Sporting, even more sporting, Bründl Sports
Bründl moves people. What applies to clients is an everyday lived practice for the staff, too. Though some take things to the extreme.
Christian, René, Heike, Christoph und Christopher had one goal: to hold their own on the Grossglockner Ultra-Trail, the world's most difficult trail. Maurice found his true love in fixed rope climbing. Andrea, the Triathlon-Queen, qualified for the Ironman 70.3 World Championships and Sándor takes part in the toughets mountainbike races.
As far as their feet will carry them
Christian Cantonati, René Gorissen, Heike Schernthaner, Christoph Kohlberger and Christopher Schaden
You really need to be an Indian ascetic; sadhus, for example, consume pain until they have conquered nature. Heike Schernthaner, Christian Cantonati, René Gorissen, Christoph Kohlberger and Christopher Schaden are neither Indians nor ascetics. That said, being resistant to pain is not a bad thing if you want to survive the Grossglockner Ultra Trail, the “toughest trail in the world”, Heike says. 110 kilometers around Austria’s highest mountain, 6,500 meters up and down covering three federal states, past 14 glaciers and innumerable peaks.
The group of five from Bründl Sports prepared for the tortuous event together. And even though – let’s not get carried away here – they all signed up for the light versions over distances of 30 and 50 kilometers, hunger and thirst, cramps and tiredness still make themselves felt soon enough. Not to mention maltreated ligaments and tendons, which go with an experienced mountain runner just as much as the medal on a war veteran’s lapel. Each of the competitors has his ailments, any discussion with them revolves around injured limbs and the mindset that takes over when your body gives up. “I’m not going to win, but I’m not going to come last either, that suits me fine,” says Heike. Christoph Kohlberger, who has already covered the full distance, seconds that: “Anyone who takes part is a winner,” even if afterwards you ache all over. Christopher from Logistics says: “The only person you can ever beat is yourself.” Christian talks about “goals in life that make you more of a person,” when he thinks of the Alpine terrain. Only René is lost for words when it comes to describing his sentiments: “Sorry, just fantastic!”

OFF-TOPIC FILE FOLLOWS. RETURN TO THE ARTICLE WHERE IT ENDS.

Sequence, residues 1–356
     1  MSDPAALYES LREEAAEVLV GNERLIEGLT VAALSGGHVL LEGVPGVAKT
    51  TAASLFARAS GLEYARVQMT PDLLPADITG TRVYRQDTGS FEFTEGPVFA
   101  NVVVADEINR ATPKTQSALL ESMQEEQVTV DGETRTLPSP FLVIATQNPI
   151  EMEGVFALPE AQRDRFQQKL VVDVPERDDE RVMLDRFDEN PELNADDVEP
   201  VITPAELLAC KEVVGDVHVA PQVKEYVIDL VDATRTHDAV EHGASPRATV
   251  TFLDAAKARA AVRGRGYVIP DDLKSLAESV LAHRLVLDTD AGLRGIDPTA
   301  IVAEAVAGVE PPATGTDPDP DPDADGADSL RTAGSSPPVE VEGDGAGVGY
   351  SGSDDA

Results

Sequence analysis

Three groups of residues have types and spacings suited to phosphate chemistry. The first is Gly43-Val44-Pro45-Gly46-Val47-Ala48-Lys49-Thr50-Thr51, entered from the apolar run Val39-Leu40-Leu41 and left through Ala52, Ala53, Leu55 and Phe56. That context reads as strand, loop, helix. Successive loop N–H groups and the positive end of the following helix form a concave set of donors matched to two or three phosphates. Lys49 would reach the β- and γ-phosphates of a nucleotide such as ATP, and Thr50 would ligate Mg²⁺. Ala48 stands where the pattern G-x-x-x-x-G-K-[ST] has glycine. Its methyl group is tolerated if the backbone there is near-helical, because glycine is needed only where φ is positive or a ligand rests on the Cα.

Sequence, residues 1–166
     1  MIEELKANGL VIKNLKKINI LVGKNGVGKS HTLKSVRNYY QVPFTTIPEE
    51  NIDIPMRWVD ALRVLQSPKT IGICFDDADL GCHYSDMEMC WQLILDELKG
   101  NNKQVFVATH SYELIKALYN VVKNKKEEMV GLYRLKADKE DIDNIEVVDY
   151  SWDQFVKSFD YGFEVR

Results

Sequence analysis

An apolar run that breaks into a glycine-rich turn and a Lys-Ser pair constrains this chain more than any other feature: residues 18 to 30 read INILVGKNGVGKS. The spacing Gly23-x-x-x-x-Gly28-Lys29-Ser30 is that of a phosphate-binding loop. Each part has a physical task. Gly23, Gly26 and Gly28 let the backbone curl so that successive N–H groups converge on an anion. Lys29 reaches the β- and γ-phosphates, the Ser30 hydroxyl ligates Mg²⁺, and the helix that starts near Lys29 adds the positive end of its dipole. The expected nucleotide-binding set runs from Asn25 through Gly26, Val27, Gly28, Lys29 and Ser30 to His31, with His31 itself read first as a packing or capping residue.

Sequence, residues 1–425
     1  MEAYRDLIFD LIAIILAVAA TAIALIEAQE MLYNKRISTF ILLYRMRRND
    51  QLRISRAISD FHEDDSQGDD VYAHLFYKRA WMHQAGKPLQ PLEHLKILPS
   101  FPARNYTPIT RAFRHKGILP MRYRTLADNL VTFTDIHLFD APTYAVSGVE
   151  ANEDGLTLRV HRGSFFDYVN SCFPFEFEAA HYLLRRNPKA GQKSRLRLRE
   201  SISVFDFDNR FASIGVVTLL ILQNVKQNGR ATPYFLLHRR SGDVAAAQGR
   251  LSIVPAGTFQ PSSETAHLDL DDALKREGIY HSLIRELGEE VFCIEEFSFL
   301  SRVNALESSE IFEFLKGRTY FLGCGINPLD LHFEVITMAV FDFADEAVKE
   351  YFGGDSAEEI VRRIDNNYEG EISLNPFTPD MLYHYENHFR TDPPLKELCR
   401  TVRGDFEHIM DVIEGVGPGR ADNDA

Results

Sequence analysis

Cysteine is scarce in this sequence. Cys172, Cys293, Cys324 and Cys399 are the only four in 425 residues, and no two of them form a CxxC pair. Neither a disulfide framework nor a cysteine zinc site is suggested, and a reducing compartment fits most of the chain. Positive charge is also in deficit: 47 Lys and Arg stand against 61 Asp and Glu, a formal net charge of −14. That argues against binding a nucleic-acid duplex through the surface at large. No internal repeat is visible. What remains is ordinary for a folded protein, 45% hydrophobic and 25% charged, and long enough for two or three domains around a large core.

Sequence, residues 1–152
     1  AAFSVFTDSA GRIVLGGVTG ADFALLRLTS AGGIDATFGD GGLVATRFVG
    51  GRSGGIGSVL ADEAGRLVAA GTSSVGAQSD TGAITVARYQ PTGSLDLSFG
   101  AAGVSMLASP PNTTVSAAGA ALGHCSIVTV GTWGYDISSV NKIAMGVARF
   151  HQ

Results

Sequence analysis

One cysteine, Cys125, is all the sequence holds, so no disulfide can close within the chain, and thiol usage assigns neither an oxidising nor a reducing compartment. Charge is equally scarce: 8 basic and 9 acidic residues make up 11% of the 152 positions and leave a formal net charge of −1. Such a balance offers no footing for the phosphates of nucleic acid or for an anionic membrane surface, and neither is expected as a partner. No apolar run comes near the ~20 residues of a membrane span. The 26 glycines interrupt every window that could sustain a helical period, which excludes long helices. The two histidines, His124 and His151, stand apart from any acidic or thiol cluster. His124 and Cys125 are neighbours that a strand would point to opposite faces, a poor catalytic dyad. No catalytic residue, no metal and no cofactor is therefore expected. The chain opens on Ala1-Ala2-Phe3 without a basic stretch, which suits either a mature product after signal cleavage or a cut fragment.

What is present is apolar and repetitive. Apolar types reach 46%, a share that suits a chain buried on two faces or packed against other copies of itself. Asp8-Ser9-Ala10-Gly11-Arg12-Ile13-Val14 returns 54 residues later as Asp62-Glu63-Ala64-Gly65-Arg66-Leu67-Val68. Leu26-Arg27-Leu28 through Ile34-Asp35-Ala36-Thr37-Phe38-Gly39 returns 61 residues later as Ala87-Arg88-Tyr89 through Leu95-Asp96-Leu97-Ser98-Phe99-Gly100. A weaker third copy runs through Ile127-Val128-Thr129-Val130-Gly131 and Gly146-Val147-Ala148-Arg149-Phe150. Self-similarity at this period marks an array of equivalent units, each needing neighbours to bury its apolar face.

Everybody who takes part is a winner.
From bottom to top
Maurice Dommes, head of sales dept. Bründl Sports Spieljochbahn Talstation Fügen & climber
Maurice Dommes came to the Zillertal valley 11 years ago, not without an ulterior motive, he says. Located south of the River Inn in Tyrol, the valley is considered to be the one with the most activities worldwide, and judging by what one sees and hears, that is something that Maurice, who hails from Wernigeroder, has taken to heart. Skiing, tobogganing, fitness studio, but he discovered his true love in fixed rope climbing. His playground: The via ferrata in Talbach, where the routes quickly change to red and then to black, i.e., from difficult to very difficult. Where the cliff is almost vertical and far below the river thunders through the rocks. The 32-year old is in his element here, clambering like a gecko along the rugged walls, sashaying across ropes, nimbly pulling himself upwards; all seemingly in fast forward mode. Your average person easily needs one-and-a-half hours for the balancing act, Maurice completes the route in 20 minutes. He’s a real madman, in a positive sense, one who jumps over burning beams and crawls under barbed wire in a Spartan Race There have been other times as well. Back then Maurice, who trained in the hotel trade, was lazy, lived unhealthily, let himself go to pieces. Then, however, he followed his inner voice (the mountain is calling, and I must go) and, indirectly, started working for Bründl in Fügen. Today the head of sales department says: “Sport makes me more content, I can deal with customers’ requirements totally differently.” On top of which, he has overcome his fear of heights. The mountain is calling…